THE UK travel trade’s two main industry bodies – the Association of British Travel Agents (ABTA) and UKinbound – have warned of turbulent times ahead following the country’s decision to #leave the European Union.
In the immediate aftermath of the #referendum vote, UKinbound CEO Deirdre Wells warned of ‘far-reaching consequences’ for its 370 business members.
‘UKinbound feels the decision to leave the #EU is disappointing,’ she said. ‘However, we have proved time and again that we are a resilient industry and the government must now work hard to secure a deal which supports our vibrant industry, which relies on the European Union for two-thirds of its business. The priority must now be to ensure that our members have the best possible environment in which to grow their business and to support them in welcoming visitors from all corners of the globe.’
ABTA said while the UK trade was entering a ‘period of uncertainty’, in regulatory terms there will not be any immediate changes.
‘Once the UK formally notifies the EU of its intention to leave, the remaining member states will have up to two years to offer the UK a deal for a future trading relationship. This period can also be extended if all parties agree. Until this process is resolved, everything will remain as it is now.’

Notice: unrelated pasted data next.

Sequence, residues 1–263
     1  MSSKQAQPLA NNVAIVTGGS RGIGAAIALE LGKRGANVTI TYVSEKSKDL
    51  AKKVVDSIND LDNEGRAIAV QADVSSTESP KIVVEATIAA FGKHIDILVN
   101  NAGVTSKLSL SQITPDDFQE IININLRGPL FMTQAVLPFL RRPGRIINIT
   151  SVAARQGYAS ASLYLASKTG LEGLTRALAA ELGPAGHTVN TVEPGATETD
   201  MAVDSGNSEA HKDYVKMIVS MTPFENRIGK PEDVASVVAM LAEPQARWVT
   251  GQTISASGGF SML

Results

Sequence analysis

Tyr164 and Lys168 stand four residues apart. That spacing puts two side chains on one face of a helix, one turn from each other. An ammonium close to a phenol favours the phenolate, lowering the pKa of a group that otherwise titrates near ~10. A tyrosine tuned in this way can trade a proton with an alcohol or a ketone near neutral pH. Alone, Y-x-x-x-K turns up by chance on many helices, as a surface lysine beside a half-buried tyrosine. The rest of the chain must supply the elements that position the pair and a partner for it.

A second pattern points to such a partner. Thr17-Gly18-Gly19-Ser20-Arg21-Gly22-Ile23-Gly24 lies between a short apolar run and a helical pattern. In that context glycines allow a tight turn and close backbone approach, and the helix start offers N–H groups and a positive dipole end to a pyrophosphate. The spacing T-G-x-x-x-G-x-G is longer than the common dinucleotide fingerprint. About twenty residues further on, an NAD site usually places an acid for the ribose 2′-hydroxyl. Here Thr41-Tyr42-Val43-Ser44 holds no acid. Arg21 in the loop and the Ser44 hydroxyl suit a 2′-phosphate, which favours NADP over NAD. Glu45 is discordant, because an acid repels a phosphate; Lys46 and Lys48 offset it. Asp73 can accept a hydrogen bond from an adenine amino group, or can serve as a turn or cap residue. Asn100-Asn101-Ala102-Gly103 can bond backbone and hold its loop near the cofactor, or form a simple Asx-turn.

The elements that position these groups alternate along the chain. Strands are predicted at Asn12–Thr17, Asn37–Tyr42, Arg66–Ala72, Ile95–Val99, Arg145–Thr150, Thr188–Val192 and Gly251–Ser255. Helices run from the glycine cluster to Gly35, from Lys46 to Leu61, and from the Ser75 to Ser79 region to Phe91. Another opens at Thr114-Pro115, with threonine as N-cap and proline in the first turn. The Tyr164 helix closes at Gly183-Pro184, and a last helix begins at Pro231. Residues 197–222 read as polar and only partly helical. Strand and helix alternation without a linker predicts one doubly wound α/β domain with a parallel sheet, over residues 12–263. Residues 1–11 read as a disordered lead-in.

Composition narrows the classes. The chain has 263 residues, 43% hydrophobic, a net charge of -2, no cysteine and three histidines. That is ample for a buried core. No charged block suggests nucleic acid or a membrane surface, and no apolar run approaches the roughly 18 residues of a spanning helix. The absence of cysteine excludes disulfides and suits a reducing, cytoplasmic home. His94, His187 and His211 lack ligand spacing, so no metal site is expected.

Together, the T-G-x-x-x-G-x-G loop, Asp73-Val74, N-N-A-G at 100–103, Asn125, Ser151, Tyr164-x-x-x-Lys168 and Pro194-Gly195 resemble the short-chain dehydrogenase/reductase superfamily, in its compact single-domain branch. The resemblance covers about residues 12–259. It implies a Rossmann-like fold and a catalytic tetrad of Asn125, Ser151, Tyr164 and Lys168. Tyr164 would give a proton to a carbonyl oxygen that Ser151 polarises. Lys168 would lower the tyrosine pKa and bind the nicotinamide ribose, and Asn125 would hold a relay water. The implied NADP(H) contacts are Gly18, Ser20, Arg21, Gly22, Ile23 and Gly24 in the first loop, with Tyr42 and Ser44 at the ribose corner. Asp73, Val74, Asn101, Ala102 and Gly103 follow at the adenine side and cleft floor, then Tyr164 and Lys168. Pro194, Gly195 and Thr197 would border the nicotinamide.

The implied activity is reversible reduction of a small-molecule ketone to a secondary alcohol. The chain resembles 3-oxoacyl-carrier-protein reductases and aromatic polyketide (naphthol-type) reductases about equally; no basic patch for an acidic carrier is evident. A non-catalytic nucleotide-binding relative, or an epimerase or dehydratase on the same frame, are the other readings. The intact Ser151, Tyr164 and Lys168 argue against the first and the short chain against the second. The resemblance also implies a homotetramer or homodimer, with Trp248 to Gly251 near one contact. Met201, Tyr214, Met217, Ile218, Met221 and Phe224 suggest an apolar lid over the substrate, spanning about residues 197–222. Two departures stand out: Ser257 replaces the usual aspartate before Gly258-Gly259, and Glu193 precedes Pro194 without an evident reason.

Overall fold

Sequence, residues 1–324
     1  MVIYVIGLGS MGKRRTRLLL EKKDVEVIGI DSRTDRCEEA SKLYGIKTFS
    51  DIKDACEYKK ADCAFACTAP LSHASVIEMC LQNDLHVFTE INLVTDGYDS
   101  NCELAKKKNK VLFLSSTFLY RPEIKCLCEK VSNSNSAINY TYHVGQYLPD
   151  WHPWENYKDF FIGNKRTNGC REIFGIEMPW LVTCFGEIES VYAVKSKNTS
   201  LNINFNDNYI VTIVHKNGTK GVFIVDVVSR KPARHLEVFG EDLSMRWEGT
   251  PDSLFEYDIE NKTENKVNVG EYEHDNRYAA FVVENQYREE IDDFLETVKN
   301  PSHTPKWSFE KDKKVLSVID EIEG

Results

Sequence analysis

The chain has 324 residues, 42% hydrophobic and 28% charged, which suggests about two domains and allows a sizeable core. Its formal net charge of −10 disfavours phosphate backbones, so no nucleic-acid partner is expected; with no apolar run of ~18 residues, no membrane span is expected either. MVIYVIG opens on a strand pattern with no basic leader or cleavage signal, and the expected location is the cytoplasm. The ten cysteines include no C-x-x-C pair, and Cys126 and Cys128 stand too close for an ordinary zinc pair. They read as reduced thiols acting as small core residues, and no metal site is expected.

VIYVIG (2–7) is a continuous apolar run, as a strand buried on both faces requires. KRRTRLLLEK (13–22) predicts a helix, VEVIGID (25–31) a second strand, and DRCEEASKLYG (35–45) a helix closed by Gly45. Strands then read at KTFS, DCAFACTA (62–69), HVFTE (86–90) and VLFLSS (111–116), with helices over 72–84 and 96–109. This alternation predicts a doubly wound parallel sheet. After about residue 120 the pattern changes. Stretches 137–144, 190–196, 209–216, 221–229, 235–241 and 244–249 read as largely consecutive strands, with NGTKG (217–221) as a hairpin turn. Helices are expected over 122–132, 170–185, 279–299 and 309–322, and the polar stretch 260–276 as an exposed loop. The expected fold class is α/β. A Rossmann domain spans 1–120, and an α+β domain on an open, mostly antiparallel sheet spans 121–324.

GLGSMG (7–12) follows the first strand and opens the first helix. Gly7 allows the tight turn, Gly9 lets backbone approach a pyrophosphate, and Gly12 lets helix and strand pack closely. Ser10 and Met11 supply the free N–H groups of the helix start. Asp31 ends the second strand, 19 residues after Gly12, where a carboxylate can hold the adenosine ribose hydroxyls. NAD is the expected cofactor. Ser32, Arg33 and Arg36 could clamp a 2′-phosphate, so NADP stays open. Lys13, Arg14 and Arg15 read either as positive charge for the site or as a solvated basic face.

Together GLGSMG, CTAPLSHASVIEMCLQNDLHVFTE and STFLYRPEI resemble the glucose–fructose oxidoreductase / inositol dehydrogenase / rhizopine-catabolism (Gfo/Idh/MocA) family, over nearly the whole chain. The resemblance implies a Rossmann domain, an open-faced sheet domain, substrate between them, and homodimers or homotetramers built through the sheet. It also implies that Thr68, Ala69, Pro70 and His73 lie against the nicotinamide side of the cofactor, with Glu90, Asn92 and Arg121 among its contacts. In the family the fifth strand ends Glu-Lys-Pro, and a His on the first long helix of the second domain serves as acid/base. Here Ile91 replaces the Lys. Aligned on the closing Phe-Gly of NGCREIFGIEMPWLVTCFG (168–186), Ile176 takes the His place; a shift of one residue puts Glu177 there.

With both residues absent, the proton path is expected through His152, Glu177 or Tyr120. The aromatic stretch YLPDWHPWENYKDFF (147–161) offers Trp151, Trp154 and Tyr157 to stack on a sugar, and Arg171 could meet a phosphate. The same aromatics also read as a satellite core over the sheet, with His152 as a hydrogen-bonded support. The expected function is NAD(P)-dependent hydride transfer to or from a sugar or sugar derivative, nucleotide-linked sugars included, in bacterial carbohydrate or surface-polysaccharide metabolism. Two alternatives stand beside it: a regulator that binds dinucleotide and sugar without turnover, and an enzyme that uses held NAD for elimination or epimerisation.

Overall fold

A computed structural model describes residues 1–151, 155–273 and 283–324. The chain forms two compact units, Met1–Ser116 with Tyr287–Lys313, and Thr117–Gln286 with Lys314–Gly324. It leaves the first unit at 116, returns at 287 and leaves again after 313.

ABTA reiterated that its role was to help keep the industry informed, to help the public to remain confident in travelling, and to help the government to understand and prioritize those matters that are important to ‘our members and our industry’.
‘ABTA will be working proactively with the government to raise awareness of the priorities for travel businesses, and UK travellers, as they negotiate a future trading relationship. We started this process some months ago, with a programme of engagement with ‘leave’ campaigners in Westminster, and we have prepared a detailed list of policy and regulatory priorities that we will be discussing with leading policymakers in the coming weeks. It will also be important to ensure that the industry’s domestic agenda is not neglected, and ABTA will continue to press for action on airport capacity, ATOL reform, which remains relevant whatever the future of the EU’s Package Travel Directive, and Air Passenger Duty.’
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